Tor was initially established as a means of protecting privacy and helping individuals and organizations defend against network surveillance and traffic analysis. The idea was to form a truly anonymous network, where volunteer node operators would work together to establish a private and trusted environment. Unfortunately, Tor has been compromised many times over the years, often because of its fundamental design philosophy.

Let’s take a look at two recent examples of how Tor node operators can compromise security:

The first involves malevolent Tor node operators leveraging an exit node to automatically modify software patches to include malware. Unfortunately, this one is being seen in the wild already.

How does it work? When a user downloads a software patch while using Tor and happens to get routed through the attacker’s exit relay, the node automatically substitutes the desired software with an infected version that installs malware and ultimately gains control. This attack relies on the fact that many software downloads happen over insecure channels.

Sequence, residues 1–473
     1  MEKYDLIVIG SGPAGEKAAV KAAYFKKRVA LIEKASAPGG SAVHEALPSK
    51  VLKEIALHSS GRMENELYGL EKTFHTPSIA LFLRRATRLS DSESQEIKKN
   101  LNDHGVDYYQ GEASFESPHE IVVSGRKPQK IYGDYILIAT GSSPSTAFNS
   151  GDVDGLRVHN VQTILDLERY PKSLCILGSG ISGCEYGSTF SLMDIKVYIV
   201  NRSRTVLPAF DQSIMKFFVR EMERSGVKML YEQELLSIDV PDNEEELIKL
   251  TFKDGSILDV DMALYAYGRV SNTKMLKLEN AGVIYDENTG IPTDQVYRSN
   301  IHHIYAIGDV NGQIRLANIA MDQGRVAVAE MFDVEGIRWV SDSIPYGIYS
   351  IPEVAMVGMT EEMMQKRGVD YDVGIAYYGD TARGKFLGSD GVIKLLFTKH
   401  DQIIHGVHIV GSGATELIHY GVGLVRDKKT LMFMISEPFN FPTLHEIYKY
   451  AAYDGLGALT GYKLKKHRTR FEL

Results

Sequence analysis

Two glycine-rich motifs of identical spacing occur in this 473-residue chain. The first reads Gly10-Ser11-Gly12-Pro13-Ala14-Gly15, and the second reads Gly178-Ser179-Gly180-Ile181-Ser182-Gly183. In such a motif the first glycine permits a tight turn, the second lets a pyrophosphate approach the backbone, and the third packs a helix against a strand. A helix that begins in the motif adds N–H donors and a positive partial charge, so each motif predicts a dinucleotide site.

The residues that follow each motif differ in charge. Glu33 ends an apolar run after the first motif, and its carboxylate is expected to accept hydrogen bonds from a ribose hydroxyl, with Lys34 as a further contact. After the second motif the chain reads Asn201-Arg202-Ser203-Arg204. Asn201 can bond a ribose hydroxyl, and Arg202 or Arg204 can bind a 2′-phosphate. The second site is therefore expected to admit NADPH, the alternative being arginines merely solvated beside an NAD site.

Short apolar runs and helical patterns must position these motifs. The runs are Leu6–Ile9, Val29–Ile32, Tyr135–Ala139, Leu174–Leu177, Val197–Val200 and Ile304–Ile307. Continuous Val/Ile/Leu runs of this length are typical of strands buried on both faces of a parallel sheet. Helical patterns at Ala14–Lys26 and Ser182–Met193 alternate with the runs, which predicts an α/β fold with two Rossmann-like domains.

The second uses Tor and some quirks in the security model of Bitcoin to allow attackers to create double spending, and it even creates an alternative shadow hash chain visible only to the victims. Fortunately, this example is currently only academic in nature, but it shines a bright light on a potentially serious issue that could impact a lot of people.

The overarching problem, which is evident in each of these examples, is that anyone can set up a Tor node. This means it’s almost impossible to establish a sense of trust with the operators. While most people who operate Tor nodes have only good intentions, many others do so with ulterior motives.

Read more about Tor vulnerabilities.